Controlling growth: If excessive root growth becomes a problem, simply cut back some of the roots or pot the plants in soil. Take care when transitioning plants to soil. Water-grown roots are different than soil-grown roots and tend to be brittle. They may snap off if handled roughly. Start by moving your water plants to a pot filled with porous potting soil. Keep the potting medium evenly moist for several weeks until the plants have time to make the transition, then move them to a heavier soil.
I need to know what steps to take when changing the water that my ivy roots live in? Can I just dump out the old water and put fresh water in the vase my ivy lives in without killing it.
Yes, you can. It's best to use water that has been drawn for about 24 hours. That time gives the chlorine in the water a chance to dissipate.
My Ivy does best doing a dump of about 80% of the water and refilling it with bottled spring water
I began growing plants in water when I was trying to root a plant cutting that I had. I loved being able to see the roots as they grew so I decided to leave the cutting in water instead of planting it. I found an old Erlenmeyer flask at Goodwill and transferred it to the flask. I also found a neat vase that I put my bamboo into. There is a lot of neat glassware at second hand stores that would be great for growing plants in!
By Laurel from Port Orchard, WA
Back in the mid 70s there was a company that offered their house plants through home parties. The plants were grown in some kind of lava looking pebbles and did not use soil at all. You watered with their plant food solution each time you watered. The plants grew beautifully! Does anyone know what happened to the company or know what type of pebbles and solutions were used?
Hardiness Zone: 7a
By Daisy from Franklinton, NC
I was a dealer in Iowa, I sold plants like crazy but the company I worked for went bankrupt. Hydroponics is what you are looking for, and yes it was lava rocks. However, weak miracle grow and a air pump from an old fish tank works great to grow soil-less plants.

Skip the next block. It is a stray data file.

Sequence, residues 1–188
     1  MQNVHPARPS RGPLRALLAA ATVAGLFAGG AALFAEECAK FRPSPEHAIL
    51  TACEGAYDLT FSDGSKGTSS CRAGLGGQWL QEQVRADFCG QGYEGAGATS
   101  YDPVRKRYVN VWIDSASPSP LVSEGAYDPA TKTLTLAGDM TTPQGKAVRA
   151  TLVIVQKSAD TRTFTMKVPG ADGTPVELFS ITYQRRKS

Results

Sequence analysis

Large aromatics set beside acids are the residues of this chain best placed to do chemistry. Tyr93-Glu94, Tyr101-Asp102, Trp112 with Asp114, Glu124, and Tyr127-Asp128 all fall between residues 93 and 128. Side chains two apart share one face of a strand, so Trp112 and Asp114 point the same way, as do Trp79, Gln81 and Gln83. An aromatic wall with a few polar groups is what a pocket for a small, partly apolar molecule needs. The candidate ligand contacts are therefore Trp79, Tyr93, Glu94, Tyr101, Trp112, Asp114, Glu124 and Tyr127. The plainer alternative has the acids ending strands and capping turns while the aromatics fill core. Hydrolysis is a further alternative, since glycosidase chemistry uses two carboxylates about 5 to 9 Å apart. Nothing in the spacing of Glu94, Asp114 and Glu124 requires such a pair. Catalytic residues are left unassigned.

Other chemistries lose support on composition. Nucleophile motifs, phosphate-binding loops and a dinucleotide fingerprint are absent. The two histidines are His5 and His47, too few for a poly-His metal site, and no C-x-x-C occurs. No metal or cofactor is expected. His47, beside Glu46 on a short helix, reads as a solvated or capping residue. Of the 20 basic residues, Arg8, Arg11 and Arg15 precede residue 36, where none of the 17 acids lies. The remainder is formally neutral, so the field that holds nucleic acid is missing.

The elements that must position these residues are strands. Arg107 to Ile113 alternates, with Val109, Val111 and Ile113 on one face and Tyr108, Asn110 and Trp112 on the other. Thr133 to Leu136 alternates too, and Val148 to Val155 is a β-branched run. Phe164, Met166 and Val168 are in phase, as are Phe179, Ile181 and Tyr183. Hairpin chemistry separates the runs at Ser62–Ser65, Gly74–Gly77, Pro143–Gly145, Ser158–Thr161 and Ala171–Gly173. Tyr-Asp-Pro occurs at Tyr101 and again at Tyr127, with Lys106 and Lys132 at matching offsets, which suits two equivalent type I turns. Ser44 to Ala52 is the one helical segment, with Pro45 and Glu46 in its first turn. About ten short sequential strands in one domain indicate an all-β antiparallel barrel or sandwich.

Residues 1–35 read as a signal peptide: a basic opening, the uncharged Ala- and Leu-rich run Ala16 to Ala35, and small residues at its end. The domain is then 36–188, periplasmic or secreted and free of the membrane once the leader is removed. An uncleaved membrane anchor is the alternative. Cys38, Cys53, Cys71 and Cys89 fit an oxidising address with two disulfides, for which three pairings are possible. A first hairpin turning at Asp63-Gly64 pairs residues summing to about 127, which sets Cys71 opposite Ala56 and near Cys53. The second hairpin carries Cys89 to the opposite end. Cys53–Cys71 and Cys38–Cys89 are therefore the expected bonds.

was is called the Lawasa System?
I would like to have a vase on my desk with a plant in water. Which plants will grow this way?
By RL from Basking Ridge, NJ
Pothos will do well in water with good filtered light. Google the image, it's a common plant.
Any of the philodendrons will root and grow in water, ivies will as well.
For some foliage colour (if you get a fair amount of sun at that spot) you can try some of the spiderworts, like 'wandering Jew' or 'Moses in the bulrushes'-use the word Tradescantia in your search engine to find images. These do have some flowering but I've never seen them flower whilst in water as the only growing medium.
Be advised most plants like these will develop brittle roots and eventually die; even water lilies want some soil to thrive and flower.
Bamboo does well this way also. In Dallas where I live, attractively-potted bamboo plants with rocks and water are very easy to find at Home Depot, Lowe's, and even grocery stores.
Can I grow indoor plants in water only? What do I do with indoor plants in water when the water begins to smell bad? Other than replacing all the water.
Hardiness Zone: 6a
By marianjn from Provo, UT
I have seen plants grow in these greatly expanding crystals.
They also say:
" Water by itself is not a sufficiently nutritional diet. We recommend adding a few drops of liquid minerals to help provide nutrients to your plants in this new and any other growth media for your plants."
They sell this stuff (above) but I think that liquid "Miracle-Gro" would also work. You'd only need a drop every few weeks or once a month.
Here's apicture of their website:
You can also add food coloring to the crystals:
I've had my indoor ivy plant, which I have grown in water, for a couple of years now without a problem. I trim the roots when they get too long and clean off any algae that may arise from the sunlight.
A couple of days ago I did the same and noticed this thick black "scab" all over the stems. Now my leaves are all turning yellow. Anyone, any ideas on how to solve this issue?
I think that is a philodendron or a pothos, not an ivy. Usually, they go yellow when they are not getting enough of something: water, light, nutrients. Since you have been growing them in water for so long, have you been adding any plant food to the water? I don't know anything about the black scab but maybe someone else will have some other ideas. Good luck.